(CNN) — For Tarah Epstein Baiman, parenting without having parents of her own to rely on is like “piloting a plane sans rudder.” She learns to make adjustments without their guidance. Extra help comes from people and places she never imagined.
Baiman lost her parents as a teenager. Her mother died in a shooting, and two years later, her father passed away from diabetes. As a married mother of two children, the 40-year-old has learned to navigate the parenting maze without her mom and dad.
“As adult orphans, we are consciously or unconsciously afraid that our children, like our parents, will die, and we will be emotionally devastated again,” says Baiman, who started the Orphan Society of America, a nonprofit group that helps children whose parents are victims of violence.
“Or that we, ourselves as parents will die, leaving our own children orphaned,” she says.
Baiman wasn’t the only one in her family affected by her parents’ deaths. Her children never got to know their grandparents.
If journalist and writer Allison Gilbert’s theory is correct, parenting without parents is becoming a more common phenomenon. Her book “Parentless Parents” (Hyperion), released this month, explores how losing parents can affect how a person raises his or her children.
“There are so many losses that parentless parents experience that are completely and utterly irreplaceable when you don’t have your mom and dad,” says Gilbert, who was in her 20s when her mother died. Gilbert’s son was 18 months old when her father died.
“The inaccessibility of information and the lack of access to your own family history, traditions, religious values or other family values are completely severed,” she says.
Jeff Gelman, a 37-year-old teacher and father of three in Pennsylvania, says parents offer valuable advice and information that no one else may have. Gelman lost his parents in a car accident when he was 13.
He says having his parents around could help answer questions he has about his own children. For example, he’d like to ask his parents how they dealt with his shyness as a child. One of his sons today exhibits the same quiet personality.
“Sometimes it’s not necessarily the milestones when you miss your parents,” Gelman says. “It’s the wonder on my kids’ faces when they light the Hanukkah candles and it reminds me of them (my parents). It’s the little things like that, that all (of) the sudden surprises you.”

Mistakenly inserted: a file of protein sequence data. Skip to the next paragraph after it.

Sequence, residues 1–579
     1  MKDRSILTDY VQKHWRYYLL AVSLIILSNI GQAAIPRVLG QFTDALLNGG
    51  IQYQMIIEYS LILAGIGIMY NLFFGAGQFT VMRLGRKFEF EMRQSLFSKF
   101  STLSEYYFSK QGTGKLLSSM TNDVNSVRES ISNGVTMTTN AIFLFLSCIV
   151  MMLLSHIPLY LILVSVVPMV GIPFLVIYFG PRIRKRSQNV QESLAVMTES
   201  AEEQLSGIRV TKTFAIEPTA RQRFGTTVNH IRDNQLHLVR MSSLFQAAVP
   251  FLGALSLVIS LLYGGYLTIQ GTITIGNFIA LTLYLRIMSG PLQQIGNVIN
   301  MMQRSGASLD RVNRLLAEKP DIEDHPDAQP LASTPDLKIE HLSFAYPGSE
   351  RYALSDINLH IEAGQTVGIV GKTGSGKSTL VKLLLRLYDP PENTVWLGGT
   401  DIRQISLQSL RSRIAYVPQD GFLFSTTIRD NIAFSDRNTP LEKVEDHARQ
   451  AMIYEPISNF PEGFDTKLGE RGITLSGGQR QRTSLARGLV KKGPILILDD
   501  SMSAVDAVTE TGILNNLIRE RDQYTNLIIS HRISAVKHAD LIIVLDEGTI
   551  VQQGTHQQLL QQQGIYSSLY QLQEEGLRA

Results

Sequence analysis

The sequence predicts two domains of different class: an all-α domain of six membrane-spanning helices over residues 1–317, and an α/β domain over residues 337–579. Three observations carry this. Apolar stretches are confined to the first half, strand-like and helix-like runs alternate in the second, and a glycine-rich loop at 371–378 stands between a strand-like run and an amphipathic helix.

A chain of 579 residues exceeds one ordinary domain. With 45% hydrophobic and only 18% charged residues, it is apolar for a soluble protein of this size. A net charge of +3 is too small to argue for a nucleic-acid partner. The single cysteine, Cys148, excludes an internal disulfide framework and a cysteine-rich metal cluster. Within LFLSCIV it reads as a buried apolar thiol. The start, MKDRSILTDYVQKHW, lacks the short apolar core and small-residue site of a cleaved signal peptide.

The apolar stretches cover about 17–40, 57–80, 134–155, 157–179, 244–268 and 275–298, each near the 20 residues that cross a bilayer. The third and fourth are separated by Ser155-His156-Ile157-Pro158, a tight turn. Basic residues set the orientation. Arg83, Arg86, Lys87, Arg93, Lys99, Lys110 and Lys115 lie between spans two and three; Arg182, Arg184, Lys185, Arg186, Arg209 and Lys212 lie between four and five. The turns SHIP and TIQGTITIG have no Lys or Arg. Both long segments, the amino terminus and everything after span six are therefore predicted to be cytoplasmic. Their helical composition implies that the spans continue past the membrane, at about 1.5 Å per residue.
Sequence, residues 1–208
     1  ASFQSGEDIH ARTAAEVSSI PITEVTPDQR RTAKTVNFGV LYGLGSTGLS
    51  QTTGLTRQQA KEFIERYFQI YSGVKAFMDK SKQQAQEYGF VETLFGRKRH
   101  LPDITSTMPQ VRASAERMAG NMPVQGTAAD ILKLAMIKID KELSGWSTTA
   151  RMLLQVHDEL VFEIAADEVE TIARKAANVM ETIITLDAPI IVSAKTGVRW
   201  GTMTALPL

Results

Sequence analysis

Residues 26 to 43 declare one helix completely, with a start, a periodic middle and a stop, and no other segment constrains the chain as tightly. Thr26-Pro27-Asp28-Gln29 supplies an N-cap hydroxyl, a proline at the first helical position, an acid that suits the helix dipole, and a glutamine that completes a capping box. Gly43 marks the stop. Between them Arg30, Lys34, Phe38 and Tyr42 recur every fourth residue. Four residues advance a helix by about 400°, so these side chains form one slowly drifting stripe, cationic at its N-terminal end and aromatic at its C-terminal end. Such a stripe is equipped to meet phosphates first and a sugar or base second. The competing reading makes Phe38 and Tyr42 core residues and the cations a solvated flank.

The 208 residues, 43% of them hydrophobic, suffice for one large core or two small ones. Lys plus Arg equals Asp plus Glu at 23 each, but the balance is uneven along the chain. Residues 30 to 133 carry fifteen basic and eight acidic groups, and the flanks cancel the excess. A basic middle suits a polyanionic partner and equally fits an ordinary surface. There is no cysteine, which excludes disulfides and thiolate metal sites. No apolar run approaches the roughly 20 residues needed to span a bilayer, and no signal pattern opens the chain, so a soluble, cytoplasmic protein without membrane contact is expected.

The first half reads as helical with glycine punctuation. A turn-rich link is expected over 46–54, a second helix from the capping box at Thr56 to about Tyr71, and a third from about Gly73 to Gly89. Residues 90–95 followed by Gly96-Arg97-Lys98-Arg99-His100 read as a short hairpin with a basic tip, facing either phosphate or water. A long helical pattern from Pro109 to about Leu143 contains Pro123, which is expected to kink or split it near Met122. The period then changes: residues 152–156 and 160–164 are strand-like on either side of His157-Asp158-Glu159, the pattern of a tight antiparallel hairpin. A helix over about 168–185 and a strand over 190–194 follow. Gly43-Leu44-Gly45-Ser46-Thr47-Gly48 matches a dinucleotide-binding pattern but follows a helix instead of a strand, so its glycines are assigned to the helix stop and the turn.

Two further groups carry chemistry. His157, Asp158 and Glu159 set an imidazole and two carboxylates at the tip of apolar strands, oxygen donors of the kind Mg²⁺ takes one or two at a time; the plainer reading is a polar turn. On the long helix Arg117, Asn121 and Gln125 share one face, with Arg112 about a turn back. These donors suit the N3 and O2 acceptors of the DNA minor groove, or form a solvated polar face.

Since federal statistics shows life expectancy has increased, one would expect grandchildren and grandparents to have more time together.
However, Gilbert argues the rise in life expectancy isn’t enough to compensate since women are having children later.
Her book cites U.S. government statistics that show in 1972, about 180,000 children were born to mothers older than 35. In 2008, the figure had tripled. Gilbert’s data was verified by several demographers, including Kenneth Land, director at the Duke Population Research Institute.
Some experts argue the trend of being a parentless parent is nothing new — that grandchildren have not been living in the same town as their grandparents because many parents must move for their jobs.
One expert who studies family structures disagrees with Gilbert’s theory that more children are growing up without grandparents.Brian Powell, a sociologist studying families at Indiana University, points out overall life expectancy has increased about seven yearsbetween 1970 and 2006, according to government data. Between 1970 and 2007, the average age for a woman to have her first child increased by 3.6 years.
He adds that the number of older women having children may be increasing, but that figure is “still very small.”
But he agrees losing grandparents is stressful. “We all know that loss of a parent is a very difficult thing,” he says.
Raising children without the help of one’s parents can stir emotions, Gilbert agrees.
About 57% of the parents who raised their children without grandparents’ help say they didn’t have enough parenting support when their children were young, according to Gilbert’s book. About 70% of those surveyed felt jealous when they see other people’s children with their grandparents.
Jeff Nudelman, 47, of New Jersey says he talks to his three children about his parents to keep their memory alive. His father, an engineer, passed away from lung cancer 30 years ago. His mother died shortly after the birth of his twins.
But sometimes the stories are not enough. There are moments, he says, when he finds himself wishing his father was around — during his son’s baseball and soccer games or the holidays.
“I can’t call, tell my mom about anything the kids are doing day to day and as they grow up,” Nudelman says. “I miss that end of it.”